Monday, March 16, 2015
Rockport, Tx Whooping Cranes
As a little change from our time in the Rio Grande Valley, we drove up to Rockport, TX to visit our Wisconsin friends Terry and Ken Smeltzer. They were staying at Goose Neck State Park for a couple of weeks so it was a good time to visit this area again. Rockport is a quiet coastal town that is popular for camping, birding, and sightseeing.
The first day of our visit we went to see the "Big Tree", which was adjacent to and part of the State Park where the Smelters were staying.
This live oak is over 1000 years old and is now cared for by the State of Texas
Other trees in this small grove are said to be the off-springs of the main tree.
Live oaks have a habit of dipping their branches toward the ground. They become so heavy they often break off. To avoid this, trees that are cared for, often have supports under large extended branches.
Marlin caught Terry and I in an unexpected photo op!
Later that day we toured the harbor area, then had lunch at one of their favorite cafes.
The school grounds also had a very old live oak that overlooked the ocean.
An enjoyable evening listening to local music with Terry and Ken kept us in Rockport for Saturday night. On Sunday morning , after breakfast, Whooping Crane sighting was on the agenda. A field, directly across the road from the ocean, is a spot where the cranes are often seen. When we arrived there were many Sandhill Cranes in the field and soon some of the whooping cranes appeared.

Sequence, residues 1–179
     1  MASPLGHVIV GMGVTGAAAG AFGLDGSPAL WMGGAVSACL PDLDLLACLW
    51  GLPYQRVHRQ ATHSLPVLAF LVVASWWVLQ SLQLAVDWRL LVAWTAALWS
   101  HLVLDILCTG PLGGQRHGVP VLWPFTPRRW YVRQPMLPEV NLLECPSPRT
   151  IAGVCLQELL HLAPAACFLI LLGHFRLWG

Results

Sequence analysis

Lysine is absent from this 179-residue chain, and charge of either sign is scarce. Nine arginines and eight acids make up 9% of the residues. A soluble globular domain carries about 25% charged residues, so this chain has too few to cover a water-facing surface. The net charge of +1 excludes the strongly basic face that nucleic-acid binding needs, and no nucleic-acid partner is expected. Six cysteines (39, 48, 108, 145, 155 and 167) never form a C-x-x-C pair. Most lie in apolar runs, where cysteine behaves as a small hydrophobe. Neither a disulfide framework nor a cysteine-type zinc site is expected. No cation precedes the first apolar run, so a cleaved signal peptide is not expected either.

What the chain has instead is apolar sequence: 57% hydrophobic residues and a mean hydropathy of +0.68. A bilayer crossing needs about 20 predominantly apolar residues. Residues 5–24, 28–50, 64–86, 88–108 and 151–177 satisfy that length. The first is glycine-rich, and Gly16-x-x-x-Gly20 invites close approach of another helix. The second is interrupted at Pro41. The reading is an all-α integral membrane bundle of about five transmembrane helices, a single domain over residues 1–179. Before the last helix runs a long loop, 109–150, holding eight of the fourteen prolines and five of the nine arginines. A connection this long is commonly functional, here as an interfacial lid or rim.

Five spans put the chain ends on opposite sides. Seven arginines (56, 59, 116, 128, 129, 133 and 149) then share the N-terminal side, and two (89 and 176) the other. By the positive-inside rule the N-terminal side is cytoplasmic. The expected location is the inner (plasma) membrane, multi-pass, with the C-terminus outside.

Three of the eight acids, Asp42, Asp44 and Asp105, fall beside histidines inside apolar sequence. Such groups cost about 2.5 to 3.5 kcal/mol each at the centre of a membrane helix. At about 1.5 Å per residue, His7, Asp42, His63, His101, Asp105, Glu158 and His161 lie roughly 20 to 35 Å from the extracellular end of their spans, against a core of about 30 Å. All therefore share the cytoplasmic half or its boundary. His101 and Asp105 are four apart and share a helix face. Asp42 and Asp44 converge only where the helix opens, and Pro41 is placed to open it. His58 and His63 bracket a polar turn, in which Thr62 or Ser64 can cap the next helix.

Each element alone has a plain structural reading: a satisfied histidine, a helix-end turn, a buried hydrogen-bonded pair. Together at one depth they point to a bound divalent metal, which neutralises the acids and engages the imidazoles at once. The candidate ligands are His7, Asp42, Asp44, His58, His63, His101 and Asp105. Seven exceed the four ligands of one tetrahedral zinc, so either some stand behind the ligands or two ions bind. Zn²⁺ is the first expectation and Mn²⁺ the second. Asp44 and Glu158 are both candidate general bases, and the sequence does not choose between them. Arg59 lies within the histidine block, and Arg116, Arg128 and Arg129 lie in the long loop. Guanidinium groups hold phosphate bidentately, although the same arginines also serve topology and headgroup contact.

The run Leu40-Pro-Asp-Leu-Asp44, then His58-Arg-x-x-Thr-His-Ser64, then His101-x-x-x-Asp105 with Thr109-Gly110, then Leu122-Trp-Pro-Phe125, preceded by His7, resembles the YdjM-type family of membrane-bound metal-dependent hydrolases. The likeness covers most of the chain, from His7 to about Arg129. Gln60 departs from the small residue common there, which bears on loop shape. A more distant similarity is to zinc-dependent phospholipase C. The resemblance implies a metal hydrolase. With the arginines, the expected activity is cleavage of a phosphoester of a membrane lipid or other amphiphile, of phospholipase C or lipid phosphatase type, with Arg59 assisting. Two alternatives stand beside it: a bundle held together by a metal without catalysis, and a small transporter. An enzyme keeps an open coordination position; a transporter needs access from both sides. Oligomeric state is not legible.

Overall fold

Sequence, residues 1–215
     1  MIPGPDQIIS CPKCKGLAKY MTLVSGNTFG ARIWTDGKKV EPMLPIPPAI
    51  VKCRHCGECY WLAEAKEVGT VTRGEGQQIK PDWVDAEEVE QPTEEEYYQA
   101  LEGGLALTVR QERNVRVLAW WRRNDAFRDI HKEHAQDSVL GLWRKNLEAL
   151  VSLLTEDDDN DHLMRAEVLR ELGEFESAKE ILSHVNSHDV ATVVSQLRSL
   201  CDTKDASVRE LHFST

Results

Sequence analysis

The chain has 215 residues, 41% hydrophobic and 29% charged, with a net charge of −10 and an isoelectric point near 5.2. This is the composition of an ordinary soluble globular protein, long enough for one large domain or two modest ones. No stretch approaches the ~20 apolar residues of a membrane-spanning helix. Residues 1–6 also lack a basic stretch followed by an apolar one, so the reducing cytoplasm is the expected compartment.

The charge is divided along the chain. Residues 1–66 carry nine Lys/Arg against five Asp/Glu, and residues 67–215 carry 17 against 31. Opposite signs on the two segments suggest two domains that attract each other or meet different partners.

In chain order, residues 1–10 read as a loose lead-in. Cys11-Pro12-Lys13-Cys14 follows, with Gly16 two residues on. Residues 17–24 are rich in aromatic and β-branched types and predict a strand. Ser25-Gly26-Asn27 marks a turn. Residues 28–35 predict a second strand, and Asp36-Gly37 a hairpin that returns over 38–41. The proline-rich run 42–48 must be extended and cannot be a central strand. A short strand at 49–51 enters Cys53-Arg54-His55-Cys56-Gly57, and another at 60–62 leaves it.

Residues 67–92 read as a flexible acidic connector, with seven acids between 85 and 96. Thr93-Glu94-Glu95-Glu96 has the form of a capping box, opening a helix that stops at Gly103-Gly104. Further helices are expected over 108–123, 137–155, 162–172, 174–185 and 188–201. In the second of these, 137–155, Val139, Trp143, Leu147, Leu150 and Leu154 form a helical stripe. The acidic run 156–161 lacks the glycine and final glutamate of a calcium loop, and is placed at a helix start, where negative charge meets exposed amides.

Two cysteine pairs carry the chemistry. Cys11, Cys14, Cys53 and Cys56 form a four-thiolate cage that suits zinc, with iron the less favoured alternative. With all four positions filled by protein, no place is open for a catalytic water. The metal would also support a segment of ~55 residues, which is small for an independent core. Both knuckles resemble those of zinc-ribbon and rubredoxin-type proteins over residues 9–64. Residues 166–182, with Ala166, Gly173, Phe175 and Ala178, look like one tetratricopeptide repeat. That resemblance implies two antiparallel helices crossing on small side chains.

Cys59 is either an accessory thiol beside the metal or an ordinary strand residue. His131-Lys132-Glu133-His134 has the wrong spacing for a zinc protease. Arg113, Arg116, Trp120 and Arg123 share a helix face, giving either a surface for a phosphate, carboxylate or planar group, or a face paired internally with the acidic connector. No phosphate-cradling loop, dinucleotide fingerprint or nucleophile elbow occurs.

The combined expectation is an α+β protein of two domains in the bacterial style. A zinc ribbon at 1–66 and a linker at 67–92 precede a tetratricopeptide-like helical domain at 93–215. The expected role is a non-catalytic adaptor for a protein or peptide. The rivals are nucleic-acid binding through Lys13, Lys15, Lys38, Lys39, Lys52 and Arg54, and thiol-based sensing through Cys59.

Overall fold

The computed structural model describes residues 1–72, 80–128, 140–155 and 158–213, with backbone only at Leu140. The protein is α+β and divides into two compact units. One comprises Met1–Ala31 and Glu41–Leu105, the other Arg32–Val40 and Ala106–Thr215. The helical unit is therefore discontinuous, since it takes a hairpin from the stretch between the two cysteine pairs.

Aransas National Wildlife Sanctuary, about 45 minutes north of here, is the wintering grounds for a flock of about 150 wild Whooping Cranes. This is one of only two wild migrating flocks of whooping cranes left in the world. These endangered, five foot tall birds spend the winter in this area of Texas, then fly 2400 miles to Wood Buffalo National Park in Alberta, Canada, where they mate for life and raise their young. With a black tipped, white wing that measures 7-1/2 feet the birds are hard to misidentify. But there are few places where you get any chance of doing just that. The best viewing is by boat or at the Wildlife Sanctuary observation deck. The few that hang out in this spot satisfied me. This winter we have been very lucky to add some rare birds to our list.
The cranes share this pasture with a small herd of cows. They seem happy to coexist.
In the background of the above picture, you can see a black feeding station on tripod legs. There are several of these feeding stations in the area. Apparently, the blue crabs that the Whooping Cranes feed on, were in short supply and the cranes were going hungry. Local residents set up these stations to fill in the crane's diet.
Posted by cooktravelogue2007-8.blogspot.com at 11:47 AM